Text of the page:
Among the more memorable experiences Jonah has had playing rugby, was when he was in the eighth grade when the Land Park Motley had a great season, as he recalls making it to the finals. “The team worked on a sequence where one of the players kicked the ball deep into a corner and our big four tackled him out of bounds and we balled in and scored. That’s what we worked on in practice. In the opening kick off, it happened. There was a feeling that went right so how much worse can the rest of the game be? We went out winning the game, so I went out in eighth grade as a NorCal champion, so that was fun. It was a good experience.”

The fact that Jonah started playing in sixth grade didn’t seem to matter too much as the coach and his teammates knew his age. “There wasn’t a rule against it. If your parents signed a waiver, you could do it but it was frowned upon because I was only 60 pounds at the time, so the average seventh or eighth grader weighed maybe 120 (pounds). They were double my size,” he said.

No, he didn’t double his weight in a year, in fact he has always been small, but just recently he has been able to slightly catch up. His second year, he was maybe 80 pounds tops and he came in as a freshman at 105 pounds. “I’ve never been on the big end; I’ve always been the little guy and not much has changed.”

A senior at McClatchy, Jonah wants to continue playing in college, though he’s undecided where. He’s talking to colleges, seeing what his options are. As he said, “I am just feeling it out.”

Restore the Roar sponsors athletic awards for long-time principal

Restore the Roar and the C. K. McClatchy athletic department have created the BILL MORGAN ATHLETIC AWARDS for a male and a female senior athlete who have excelled as team leaders and in sportsmanship while at McClatchy. The awards will be made next May along with the S. A. Pepper Award for outstanding male athlete and the Woody Adams Award for outstanding female athlete.

The importance of the BILL MORGAN ATHLETIC AWARDS will be to recognize team leaders and those athletes who represent the best ideals of sportsmanship as senior Lion athletes. The male and female athletes will be chosen by a committee from Restore the Roar and the McClatchy coaching staff.

Bill Morgan was born in Missouri in 1928 and moved to Sacramento as a boy. He graduated from McClatchy High in 1946. He loved sports and particularly McClatchy sports.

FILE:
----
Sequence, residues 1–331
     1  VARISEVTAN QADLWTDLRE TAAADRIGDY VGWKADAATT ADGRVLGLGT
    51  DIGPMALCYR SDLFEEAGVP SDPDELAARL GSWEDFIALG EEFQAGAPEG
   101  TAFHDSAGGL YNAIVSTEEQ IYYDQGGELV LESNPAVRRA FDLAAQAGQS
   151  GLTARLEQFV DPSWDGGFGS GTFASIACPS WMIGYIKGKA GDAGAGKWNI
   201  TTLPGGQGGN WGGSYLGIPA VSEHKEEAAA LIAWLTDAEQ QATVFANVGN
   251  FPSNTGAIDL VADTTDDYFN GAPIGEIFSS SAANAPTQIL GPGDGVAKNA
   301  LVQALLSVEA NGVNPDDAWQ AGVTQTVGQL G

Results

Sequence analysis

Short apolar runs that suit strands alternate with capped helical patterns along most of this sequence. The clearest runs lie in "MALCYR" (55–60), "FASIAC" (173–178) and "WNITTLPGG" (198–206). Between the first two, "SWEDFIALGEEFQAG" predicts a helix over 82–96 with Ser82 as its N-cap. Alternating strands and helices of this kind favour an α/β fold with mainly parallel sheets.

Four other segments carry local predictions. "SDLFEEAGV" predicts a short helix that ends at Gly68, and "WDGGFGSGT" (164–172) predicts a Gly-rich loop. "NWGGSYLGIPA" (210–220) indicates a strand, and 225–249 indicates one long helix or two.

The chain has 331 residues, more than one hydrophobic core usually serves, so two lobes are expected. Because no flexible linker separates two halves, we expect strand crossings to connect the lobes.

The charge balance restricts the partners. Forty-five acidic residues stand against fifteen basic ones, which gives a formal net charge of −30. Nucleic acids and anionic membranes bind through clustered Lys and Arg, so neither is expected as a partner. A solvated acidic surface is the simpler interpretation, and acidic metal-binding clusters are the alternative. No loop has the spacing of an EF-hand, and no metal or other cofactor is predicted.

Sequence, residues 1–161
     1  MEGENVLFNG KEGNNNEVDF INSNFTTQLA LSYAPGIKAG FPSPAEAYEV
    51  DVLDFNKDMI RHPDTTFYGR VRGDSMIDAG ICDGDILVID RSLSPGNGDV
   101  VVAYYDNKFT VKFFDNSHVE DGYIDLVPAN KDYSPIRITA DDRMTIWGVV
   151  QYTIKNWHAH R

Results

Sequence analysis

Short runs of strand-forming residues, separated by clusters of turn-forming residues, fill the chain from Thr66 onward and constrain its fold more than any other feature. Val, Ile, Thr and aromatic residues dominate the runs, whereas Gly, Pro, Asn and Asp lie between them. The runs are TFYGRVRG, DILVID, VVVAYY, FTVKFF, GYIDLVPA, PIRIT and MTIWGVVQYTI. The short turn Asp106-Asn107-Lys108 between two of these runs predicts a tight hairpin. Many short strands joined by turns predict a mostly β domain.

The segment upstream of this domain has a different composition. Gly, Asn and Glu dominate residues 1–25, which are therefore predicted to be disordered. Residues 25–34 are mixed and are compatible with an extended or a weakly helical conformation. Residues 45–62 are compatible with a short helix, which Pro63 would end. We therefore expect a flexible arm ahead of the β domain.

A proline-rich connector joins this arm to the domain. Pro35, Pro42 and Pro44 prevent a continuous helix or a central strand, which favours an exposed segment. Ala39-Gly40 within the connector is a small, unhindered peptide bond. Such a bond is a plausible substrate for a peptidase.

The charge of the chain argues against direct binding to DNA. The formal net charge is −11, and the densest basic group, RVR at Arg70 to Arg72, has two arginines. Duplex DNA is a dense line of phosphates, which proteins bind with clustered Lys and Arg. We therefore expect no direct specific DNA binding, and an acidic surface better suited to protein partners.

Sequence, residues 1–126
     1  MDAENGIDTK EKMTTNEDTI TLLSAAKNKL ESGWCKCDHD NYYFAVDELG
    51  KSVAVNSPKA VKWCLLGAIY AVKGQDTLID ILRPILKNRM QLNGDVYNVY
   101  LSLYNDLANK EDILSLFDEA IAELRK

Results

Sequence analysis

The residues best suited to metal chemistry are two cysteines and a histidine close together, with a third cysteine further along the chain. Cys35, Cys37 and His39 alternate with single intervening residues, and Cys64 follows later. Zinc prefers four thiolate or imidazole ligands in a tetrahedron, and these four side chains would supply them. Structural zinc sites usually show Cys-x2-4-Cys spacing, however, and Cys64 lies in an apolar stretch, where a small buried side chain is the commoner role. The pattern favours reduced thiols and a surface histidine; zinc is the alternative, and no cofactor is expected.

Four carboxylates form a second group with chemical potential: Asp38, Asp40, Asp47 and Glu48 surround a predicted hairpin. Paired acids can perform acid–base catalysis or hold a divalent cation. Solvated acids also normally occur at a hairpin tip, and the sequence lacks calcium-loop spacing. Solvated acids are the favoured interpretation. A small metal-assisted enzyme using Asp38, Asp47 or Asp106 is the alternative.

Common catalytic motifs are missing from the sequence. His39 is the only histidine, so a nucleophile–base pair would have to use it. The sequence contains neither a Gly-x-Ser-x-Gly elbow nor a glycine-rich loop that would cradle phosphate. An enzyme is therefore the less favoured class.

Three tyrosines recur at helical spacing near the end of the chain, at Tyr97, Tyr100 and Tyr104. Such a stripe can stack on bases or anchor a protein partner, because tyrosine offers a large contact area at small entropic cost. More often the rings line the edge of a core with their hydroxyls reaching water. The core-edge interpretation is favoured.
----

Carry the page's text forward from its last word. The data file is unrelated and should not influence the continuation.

Bill went on to Sacramento State College where he played on the first baseball team and was a member of the first graduating class. He spent time in the army during the Korean War but never left the US.

Bill returned to teach history at McClatchy from 1954 to 1962. He could often be seen after school playing basketball along with coach Del Bandy with many of his McClatchy students.

Leaving McClatchy for awhile, Bill returned as the third McClatchy principal in 1967 when Kennedy opened. He could often be seen behind the backstop watching the champion 1970 and 71 baseball teams. In 1971 Bill was appointed Assistant Superintendent of secondary schools for the SCUSD.

As a district administrator Bill couldn’t stay away from his Freeport school and would often drop by before school in the morning to have coffee with the staff and custodians. Finally in 1978, he returned to McClatchy for 10 more years as principal.

He enjoyed watching McClatchy rise as a football power again in the 1980’s and McClatchy’s dominance in basketball and baseball throughout the decade. His 14 years as principal is the second longest in McClatchy history.

In 1987, Bill was moved to Kennedy where he finished his career as principal. However, his heart was always with McClatchy and he would keep in touch with former staff and his many Lion friends. During the 1980’s Bill came across students whose parents he had taught and grandchildren of friends from his generation at McClatchy.

Along with sports, Bill loved history and particularly the New Deal and Harry Truman, a fellow Missourian who was his favorite president. Bill’s aunt was Truman’s secretary for many years so he actually met President Truman and spent time with him discussing Truman’s presidency. Bill is survived by son Derek and daughter Delynn.

To make donations to the BILL MORGAN ATHLETIC AWARDS fund go the and log on. Information about where to send your donation will be on the website.